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§9.12. Cameras and Recording Devices

Recording what is going on, for later playing back or examination, is difficult because the range of situations is very complex. Exactly how much information should we store when we make a recording, and will this require problematically large tables? Will it be difficult even to do at all?

The usual approach is to record only basic details of events or situations. In If It Hadn't Been For... the tape recorder preserves only a few different sounds - footsteps, creaking, rustling - rather than capturing exactly the sound of every action taking place in earshot. In Claims Adjustment, we can take up to 36 Polaroid-style photographs, but each is described only by saying what it is a photo of. Thus we can have a photograph of a vase, or even a photograph of a photograph of a vase (because that too is a thing), but not a photograph of a still life in which several items have been gathered together by the player. That would ordinarily require too much storage.

A similar trick, though involving impromptu sculpture rather than photography, can be found in Originals. (The artist magically "manifests" these models rather than sculpting the conventional way in order to avoid the nuisance of carrying around raw materials - wax maquettes and so forth - which would clutter up the example.)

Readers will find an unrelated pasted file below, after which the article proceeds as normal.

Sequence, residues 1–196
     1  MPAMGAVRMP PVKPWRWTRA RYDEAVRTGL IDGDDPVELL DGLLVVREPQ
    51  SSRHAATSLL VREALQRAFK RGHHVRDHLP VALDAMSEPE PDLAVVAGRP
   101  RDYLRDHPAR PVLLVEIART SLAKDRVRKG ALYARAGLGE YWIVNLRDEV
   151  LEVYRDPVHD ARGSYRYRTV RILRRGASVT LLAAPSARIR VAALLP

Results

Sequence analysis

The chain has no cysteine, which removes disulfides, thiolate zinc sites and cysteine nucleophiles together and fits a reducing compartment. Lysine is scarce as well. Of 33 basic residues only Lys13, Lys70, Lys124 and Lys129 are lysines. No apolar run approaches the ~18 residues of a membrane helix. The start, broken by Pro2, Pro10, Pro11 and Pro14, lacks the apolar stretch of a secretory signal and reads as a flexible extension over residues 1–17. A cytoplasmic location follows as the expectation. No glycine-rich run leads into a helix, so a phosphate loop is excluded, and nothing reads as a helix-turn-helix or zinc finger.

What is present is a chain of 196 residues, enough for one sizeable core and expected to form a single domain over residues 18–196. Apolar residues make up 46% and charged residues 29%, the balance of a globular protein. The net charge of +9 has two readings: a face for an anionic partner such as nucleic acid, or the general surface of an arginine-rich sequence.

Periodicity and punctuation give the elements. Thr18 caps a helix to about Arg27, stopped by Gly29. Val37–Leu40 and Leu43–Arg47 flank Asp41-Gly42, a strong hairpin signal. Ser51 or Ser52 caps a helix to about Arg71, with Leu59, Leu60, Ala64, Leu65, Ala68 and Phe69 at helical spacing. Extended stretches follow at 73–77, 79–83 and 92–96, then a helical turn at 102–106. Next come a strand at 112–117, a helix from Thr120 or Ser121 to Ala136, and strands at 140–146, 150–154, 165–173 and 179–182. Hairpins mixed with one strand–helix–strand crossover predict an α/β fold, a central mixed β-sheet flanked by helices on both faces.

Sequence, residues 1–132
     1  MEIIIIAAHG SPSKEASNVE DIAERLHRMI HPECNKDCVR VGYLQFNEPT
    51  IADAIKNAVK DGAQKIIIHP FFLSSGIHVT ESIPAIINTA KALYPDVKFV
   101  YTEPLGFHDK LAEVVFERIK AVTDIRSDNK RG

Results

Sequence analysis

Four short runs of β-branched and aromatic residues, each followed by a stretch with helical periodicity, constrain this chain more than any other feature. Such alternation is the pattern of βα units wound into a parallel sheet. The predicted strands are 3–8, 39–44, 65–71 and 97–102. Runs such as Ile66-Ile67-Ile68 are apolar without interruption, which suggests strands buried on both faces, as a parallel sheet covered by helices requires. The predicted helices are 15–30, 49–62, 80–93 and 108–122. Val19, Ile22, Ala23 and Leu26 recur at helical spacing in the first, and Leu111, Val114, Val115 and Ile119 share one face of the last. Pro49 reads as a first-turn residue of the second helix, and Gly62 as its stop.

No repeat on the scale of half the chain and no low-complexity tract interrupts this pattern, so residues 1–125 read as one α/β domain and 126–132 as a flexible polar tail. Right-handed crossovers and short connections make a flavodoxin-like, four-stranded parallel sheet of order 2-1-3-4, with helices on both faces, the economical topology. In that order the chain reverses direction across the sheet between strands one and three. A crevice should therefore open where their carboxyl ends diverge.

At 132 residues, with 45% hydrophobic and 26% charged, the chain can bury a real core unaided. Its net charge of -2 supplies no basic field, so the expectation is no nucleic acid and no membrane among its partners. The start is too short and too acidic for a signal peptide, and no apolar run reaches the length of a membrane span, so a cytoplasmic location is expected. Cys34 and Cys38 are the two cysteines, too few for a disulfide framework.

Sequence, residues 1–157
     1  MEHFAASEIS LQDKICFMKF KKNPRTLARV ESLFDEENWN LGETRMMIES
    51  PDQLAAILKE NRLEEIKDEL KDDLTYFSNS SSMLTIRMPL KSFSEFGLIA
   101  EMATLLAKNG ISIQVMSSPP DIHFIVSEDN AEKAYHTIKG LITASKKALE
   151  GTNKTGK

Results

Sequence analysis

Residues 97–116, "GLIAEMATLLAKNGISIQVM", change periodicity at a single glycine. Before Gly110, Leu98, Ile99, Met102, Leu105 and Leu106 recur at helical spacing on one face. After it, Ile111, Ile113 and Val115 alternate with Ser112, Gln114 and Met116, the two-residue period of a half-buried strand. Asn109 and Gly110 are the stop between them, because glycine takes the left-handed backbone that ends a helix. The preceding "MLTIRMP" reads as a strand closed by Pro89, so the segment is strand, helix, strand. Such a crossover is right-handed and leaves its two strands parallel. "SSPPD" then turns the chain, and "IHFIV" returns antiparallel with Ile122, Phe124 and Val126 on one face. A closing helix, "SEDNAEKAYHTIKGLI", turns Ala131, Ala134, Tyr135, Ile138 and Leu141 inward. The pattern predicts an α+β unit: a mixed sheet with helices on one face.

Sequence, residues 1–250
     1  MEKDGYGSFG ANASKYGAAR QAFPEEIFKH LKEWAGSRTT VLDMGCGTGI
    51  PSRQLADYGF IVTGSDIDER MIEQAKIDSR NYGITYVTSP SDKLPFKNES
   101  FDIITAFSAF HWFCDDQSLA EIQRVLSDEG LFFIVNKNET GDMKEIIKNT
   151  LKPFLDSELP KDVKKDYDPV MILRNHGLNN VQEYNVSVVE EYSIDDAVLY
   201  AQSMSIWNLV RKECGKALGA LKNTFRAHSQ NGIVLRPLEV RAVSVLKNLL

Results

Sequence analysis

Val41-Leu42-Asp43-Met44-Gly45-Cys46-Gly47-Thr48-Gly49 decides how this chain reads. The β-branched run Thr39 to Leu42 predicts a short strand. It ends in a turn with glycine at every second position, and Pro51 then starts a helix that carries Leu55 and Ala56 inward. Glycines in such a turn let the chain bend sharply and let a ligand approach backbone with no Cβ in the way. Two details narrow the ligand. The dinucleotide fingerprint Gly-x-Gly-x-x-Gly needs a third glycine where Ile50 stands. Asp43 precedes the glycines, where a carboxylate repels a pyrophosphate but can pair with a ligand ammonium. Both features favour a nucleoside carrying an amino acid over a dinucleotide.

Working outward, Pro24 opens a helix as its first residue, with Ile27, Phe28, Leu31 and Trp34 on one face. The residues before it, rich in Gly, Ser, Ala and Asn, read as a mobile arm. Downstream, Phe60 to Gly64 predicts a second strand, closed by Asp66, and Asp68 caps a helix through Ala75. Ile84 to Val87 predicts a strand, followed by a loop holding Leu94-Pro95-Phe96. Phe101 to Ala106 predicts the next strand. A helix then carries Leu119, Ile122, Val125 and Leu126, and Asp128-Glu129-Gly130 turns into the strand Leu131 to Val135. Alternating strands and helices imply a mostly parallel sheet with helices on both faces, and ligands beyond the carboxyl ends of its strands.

Text, of course, can store arbitrary descriptions. Mirror, Mirror provides a perfect visual recorder: it remembers a room description exactly as the player saw it at the time.

Actor's Studio provides a video camera that records and time stamps all actions performed in its presence while it is set to record.

* See Telephones for ways to speak to inanimate objects, which might be appropriate when, say, tape-recording a confession

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*ExampleIf It Hadn't Been For...
A sound recording device that records the noises made by player and non-player actions, then plays them back on demand.

Allowing the player to create models of anything in the game world; parsing the name "model [thing]" or even just "[thing]" to refer to these newly-created models; asking "which do you mean, the model [thing] or the actual [thing]" when there is ambiguity.

*ExampleMirror, Mirror
The sorcerer's mirror can, when held up high, form an impression of its surroundings which it then preserves.

**ExampleActor's Studio
A video camera that records actions performed in its presence, and plays them back with time-stamps.

**ExampleClaims Adjustment
An instant camera that spits out photographs of anything the player chooses to take a picture of.